Signature and date
Intentional flaw in the rigid structure or system of three alternating rows of dots.
Kiln accidents or mishaps that occurred during firing.

Alfred William FINCH

( 1854 - 1930 )

 


Decorative cup, 1895

- Virginal -

Height:     6,5  cm

Ø Base:  11,5  cm 

Ø Neck:  10    cm

Signed and dated under the base: 'AWF 1895'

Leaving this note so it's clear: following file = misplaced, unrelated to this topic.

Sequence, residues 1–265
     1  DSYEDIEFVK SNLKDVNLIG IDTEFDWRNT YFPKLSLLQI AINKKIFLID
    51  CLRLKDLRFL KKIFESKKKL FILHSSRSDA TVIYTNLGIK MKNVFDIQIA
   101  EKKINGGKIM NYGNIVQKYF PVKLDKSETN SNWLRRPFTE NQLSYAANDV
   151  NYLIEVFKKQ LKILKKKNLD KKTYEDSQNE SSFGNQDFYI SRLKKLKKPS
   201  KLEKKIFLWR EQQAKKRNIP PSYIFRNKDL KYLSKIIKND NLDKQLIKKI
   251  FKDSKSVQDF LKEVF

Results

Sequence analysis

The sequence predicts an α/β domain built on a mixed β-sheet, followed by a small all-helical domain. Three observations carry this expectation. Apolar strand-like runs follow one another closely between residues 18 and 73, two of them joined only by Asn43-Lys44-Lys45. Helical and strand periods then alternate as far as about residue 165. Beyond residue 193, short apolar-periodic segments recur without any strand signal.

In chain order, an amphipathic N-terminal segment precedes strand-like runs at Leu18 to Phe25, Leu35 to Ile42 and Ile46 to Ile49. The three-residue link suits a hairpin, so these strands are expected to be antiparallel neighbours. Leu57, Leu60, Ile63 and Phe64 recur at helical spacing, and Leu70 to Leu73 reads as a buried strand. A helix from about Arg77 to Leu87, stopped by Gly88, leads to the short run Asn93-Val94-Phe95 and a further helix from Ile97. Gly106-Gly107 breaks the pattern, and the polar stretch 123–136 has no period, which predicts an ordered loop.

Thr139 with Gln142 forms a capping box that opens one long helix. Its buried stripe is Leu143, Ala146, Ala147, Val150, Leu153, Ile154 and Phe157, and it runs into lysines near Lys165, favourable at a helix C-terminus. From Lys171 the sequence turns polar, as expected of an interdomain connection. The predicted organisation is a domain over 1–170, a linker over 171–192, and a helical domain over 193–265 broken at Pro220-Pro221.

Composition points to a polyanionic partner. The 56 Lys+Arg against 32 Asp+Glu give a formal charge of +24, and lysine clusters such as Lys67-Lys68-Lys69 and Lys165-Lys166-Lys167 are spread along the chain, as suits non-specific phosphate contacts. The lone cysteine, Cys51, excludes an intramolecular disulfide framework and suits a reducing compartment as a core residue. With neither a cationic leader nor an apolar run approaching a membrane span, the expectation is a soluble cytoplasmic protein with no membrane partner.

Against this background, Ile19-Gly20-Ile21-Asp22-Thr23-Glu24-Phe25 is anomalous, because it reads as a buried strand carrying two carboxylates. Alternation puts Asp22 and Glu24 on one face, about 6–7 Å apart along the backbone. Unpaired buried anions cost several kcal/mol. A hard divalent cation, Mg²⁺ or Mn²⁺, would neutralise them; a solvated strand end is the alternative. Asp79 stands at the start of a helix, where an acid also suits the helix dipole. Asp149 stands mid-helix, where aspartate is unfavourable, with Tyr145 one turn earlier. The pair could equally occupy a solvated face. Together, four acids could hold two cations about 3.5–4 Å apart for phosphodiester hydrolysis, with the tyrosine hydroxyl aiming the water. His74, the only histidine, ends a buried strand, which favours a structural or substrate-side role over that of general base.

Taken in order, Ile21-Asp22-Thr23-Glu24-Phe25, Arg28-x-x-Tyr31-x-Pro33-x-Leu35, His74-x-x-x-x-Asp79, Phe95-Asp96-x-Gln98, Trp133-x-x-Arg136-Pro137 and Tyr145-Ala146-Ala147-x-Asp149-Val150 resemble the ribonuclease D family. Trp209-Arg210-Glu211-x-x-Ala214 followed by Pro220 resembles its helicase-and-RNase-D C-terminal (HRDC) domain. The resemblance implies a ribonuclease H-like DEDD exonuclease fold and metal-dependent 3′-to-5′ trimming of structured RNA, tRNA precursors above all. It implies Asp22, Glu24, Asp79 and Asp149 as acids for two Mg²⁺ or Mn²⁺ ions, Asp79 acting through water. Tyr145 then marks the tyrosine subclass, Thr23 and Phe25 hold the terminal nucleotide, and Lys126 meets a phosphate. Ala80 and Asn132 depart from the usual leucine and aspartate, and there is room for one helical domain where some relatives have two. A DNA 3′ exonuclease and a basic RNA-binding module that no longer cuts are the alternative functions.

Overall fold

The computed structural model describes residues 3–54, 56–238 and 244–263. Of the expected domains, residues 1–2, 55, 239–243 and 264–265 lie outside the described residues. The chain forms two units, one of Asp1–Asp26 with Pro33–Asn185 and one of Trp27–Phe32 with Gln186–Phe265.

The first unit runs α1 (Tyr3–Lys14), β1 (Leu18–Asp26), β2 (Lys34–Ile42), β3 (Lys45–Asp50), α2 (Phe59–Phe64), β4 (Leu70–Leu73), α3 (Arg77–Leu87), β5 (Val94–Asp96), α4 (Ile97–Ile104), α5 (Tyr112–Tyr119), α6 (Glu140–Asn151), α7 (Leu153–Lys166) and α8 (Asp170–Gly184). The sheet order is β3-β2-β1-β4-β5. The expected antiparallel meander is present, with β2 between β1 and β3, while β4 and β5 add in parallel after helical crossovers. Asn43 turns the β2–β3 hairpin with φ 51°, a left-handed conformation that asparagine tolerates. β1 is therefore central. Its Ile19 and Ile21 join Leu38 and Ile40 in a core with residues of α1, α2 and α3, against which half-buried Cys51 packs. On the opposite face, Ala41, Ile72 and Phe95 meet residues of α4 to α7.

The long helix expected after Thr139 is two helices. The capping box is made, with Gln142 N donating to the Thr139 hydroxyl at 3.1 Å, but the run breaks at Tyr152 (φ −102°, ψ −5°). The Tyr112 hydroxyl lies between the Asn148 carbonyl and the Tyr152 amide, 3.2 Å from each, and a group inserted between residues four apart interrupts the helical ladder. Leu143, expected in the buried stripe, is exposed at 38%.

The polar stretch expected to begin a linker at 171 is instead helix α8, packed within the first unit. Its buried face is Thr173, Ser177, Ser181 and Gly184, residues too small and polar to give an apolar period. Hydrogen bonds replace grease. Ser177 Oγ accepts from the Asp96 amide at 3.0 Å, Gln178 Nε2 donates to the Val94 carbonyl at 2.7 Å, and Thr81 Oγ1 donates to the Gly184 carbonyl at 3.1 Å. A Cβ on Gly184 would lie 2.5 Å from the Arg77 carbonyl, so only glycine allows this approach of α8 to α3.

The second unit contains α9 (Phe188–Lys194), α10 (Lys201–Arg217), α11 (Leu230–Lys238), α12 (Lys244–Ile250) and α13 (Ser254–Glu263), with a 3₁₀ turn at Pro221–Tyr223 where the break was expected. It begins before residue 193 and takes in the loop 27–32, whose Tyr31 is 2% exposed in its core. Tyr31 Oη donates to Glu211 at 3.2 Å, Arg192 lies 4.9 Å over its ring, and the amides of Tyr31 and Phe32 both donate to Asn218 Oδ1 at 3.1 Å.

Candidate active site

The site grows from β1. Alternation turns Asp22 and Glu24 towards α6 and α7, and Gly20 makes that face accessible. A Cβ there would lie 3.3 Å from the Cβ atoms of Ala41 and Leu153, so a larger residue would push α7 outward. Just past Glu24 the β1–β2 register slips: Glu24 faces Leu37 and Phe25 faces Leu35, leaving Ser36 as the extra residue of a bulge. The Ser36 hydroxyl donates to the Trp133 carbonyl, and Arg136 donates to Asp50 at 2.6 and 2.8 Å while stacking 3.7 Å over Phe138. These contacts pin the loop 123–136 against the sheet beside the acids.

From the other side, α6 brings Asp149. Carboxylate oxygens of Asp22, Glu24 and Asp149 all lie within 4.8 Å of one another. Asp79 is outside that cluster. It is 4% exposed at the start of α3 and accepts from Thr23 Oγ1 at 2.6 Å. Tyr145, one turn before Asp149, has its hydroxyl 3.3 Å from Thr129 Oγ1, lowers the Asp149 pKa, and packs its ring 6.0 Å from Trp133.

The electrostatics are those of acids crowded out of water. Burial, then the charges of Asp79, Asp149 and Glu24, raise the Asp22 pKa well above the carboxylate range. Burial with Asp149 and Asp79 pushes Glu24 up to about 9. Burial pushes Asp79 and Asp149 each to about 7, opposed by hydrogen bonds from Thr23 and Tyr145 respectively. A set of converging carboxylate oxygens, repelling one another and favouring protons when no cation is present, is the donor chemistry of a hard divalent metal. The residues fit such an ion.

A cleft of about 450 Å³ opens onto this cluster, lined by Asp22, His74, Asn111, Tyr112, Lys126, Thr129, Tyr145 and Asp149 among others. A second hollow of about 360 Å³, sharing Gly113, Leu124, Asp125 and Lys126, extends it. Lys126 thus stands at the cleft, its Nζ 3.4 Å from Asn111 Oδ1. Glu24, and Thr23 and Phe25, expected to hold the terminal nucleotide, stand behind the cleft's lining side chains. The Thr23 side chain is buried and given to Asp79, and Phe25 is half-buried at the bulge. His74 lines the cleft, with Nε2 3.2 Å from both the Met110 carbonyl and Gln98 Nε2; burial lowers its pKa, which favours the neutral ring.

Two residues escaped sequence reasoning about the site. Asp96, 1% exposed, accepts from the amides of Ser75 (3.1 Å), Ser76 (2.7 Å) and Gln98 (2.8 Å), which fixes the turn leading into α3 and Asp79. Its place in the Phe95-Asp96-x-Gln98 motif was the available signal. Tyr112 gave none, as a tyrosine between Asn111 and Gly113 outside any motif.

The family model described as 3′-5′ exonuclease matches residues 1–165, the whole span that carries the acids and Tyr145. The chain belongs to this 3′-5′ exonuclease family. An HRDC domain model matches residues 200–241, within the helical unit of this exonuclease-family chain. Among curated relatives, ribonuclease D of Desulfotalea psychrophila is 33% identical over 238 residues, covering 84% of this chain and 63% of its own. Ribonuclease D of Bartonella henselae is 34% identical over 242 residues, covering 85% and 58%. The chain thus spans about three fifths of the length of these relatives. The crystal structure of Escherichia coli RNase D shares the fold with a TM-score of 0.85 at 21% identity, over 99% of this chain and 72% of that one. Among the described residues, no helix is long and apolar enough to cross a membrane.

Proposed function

By virtue of its timeless design this is certainly one of our absolute favourite objects in the collection. Instinctively we recognise a certain Japanese aesthetic to the object. A faint yellow glaze is covered with a regular pattern of three alternating rows of soft orange dots in slip. Although these dots seem locked into a regular pattern or system, they radiate a dynamism rather than a static structure. Finch would not be Finch of course, if everything was too perfect. One dot seems to have rebelled against the system, and disturbs the rigid structure by falling out of its line into another. In ancient Japanese tradition, dots were used to represent the sun, the moon and the stars. This is also the basis of its national flag: a white square with a red dot in its centre, representing the sun or the goddess Amaterasu. As Yayoi Kusama, the contemporary artist who made polka dots her trademark, explains: "...a polka dot has the form of the sun, which is a symbol of the energy of the whole world and our living life, and also the form of the moon, which is calm. Round, soft, colourful  senseless and unknowing. Polka dots become movement... Polka dots are a way to infinity." Upon contemplating the present object, one feels as if Willy Finch was very much aware of the power that these dots embody.

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